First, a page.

Paul & Wendy had managed to get in, and they joined all of us for a post-panel trek for drinks, as did Fantasy Freaks and Gaming Geeks author Ethan Gilsdorf, who, if I recall correctly, is a friend of Michael & Natania. His book has been on my to-read list for awhile, and even though it’s coming out in paperback this fall, after talking to him for awhile about writing, I couldn’t wait that long, so I ordered a copy this morning. He also bought a copy of Collect All 21!, which was an awfully nice thing to do.
We all went our separate ways once back at the convention center, since it was getting late, and while I was on my way out, I ran into Penny Arcade co-creator and PAX co-founder Mike Krahulik, capping a pretty damn fine day.
Meeting five of my fellow GeekDad writers, thus setting a new record for largest real-world gathering to date.
Wil Wheaton’s keynote.
Standing room only in the GeekDad “Bringing Up the Next Generation of Geeks” panel. (More on this when the weekend is over, but heartfelt thanks to everybody who came, because YOU MADE IT AWESOME.)
Running into Penny Arcade co-creator Mike Krahulik and getting a “special” snapshot for a friend back home.
Meeting and talking writing with Fantasy Freaks and Gaming Geeks author Ethan Gilsdorf.
I have extremely fond memories of family drives to Florida when I was a kid, sitting in the back of our van with a friend, each of us wearing Princess Leia hair bun-sized headphones which we plugged into boom boxes, in and out of which we shuffled tape after tape after tape which we’d bought at the local Camelot or Quonset Hut or blanks that we’d filled with songs recorded from the radio or MTV.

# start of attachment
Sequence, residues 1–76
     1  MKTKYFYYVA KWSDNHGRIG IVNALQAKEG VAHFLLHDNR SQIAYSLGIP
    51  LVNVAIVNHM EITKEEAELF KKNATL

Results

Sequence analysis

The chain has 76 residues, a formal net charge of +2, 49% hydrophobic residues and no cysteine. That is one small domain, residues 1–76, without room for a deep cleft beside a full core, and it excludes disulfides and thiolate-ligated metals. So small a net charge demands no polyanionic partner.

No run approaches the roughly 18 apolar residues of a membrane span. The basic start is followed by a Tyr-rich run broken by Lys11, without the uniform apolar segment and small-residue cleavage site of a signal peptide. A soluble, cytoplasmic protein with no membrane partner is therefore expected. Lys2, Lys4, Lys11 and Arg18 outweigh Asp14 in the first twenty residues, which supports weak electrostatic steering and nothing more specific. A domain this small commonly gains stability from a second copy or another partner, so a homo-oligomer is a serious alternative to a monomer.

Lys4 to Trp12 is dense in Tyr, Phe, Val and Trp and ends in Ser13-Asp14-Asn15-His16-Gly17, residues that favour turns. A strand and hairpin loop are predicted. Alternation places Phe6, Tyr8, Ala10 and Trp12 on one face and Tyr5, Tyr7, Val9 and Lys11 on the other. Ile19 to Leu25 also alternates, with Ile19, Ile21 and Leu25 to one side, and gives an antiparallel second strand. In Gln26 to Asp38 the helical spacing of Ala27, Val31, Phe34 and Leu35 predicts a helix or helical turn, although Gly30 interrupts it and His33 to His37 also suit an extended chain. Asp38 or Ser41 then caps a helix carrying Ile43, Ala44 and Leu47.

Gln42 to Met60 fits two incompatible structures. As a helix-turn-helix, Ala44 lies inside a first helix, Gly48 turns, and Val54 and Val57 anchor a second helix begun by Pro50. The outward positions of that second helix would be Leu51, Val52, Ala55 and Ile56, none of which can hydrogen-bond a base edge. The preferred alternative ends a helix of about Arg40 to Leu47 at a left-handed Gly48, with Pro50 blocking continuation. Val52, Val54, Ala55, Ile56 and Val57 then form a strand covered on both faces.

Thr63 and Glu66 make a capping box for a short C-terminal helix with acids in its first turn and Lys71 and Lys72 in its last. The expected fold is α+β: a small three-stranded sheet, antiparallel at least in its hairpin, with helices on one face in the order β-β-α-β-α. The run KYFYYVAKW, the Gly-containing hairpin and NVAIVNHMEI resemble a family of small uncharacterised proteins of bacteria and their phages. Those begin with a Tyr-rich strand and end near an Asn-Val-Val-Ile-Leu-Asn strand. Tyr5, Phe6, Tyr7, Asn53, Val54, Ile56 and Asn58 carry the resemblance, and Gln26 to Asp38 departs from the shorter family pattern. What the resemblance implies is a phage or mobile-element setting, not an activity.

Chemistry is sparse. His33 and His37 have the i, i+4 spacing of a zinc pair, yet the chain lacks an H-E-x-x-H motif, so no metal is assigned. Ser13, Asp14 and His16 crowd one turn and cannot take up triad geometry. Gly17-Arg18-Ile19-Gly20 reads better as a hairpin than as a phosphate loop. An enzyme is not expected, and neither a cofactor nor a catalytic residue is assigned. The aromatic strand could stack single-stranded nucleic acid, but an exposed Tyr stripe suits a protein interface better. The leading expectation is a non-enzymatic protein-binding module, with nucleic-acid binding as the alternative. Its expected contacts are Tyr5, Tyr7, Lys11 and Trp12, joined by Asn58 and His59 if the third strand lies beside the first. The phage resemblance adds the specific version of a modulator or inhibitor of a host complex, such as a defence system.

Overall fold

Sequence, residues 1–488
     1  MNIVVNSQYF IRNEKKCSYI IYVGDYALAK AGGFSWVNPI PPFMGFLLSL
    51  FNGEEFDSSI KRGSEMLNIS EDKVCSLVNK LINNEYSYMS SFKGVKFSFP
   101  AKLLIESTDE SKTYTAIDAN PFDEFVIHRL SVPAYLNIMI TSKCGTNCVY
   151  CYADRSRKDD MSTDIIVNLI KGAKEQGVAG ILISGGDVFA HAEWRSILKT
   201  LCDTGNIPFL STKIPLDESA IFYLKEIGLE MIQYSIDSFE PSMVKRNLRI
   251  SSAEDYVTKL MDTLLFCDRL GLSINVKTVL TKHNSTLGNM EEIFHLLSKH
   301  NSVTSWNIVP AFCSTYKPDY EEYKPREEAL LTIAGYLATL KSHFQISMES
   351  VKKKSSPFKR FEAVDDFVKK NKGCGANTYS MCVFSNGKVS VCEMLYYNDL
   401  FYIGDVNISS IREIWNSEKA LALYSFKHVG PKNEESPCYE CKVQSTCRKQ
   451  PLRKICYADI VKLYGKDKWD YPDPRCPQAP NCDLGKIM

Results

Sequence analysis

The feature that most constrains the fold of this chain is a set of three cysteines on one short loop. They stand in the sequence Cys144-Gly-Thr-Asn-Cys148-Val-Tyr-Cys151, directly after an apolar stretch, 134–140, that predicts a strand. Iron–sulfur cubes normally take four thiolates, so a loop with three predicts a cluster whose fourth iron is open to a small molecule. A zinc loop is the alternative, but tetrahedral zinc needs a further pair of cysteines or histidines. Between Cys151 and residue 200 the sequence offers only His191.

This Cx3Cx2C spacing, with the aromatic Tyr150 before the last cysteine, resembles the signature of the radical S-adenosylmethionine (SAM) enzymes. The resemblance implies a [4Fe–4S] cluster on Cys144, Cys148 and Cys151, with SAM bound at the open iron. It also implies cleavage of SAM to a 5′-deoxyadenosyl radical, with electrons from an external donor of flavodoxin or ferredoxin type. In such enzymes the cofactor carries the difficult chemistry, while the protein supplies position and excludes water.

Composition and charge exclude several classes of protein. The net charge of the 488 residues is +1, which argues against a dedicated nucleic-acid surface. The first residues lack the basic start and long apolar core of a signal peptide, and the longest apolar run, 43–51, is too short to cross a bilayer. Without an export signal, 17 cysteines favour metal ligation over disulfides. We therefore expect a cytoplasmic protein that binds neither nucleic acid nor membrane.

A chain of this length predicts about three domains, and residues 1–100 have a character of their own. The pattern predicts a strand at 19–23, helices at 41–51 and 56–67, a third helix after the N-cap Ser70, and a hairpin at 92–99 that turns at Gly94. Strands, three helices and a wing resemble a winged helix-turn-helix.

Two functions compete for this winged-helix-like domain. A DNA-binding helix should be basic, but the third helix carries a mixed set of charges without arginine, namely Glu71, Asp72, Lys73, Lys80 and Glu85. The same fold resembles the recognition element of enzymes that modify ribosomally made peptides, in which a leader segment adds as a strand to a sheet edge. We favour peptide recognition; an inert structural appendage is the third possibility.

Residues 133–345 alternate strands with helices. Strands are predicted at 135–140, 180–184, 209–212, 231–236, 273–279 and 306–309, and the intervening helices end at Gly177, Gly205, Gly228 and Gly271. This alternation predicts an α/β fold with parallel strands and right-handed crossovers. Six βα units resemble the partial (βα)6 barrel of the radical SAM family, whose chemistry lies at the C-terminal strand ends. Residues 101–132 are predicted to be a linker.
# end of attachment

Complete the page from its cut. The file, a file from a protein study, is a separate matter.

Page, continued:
And while I do loves me some driving around and singing horrifically off-key, for the long road trips, I have spent most of the last 20 years preferring non-musical audio accompaniment for the journey. Not surprisingly, I can easily trace this back to the early 1990s, when the Star Wars and Empire Strikes Back radio dramas were released on cassette and I fell in love with them immediately.
Then I started checking out old horror, mystery and science fiction radio broadcasts like Dimension X and Suspense! and The Shadow.
Not long after Jenn and Kelsey and I moved to Ohio and I took a job an hour from home which required a drive through East Rural NoRadioLand, I got hooked on audiobooks. And I mean really hooked: I had a library request in for the cassette edition of Green Mars well before the book’s release date, and as I listened to these, I even started checking out titles based almost as much on the performer – George Guidall in particular – as the author.
Today, I’m packing up the mp3 files for the drive to PAX East.
The Star Wars dramas are still a favorite, and they’re great for the longest trips, lasting close to 15 hours if you include the much later Return of the Jedi addition to the series. But I can only listen to them once, maybe twice a year, really, and since Star Wars Celebration V is coming up in August, I’m holding off on them for now.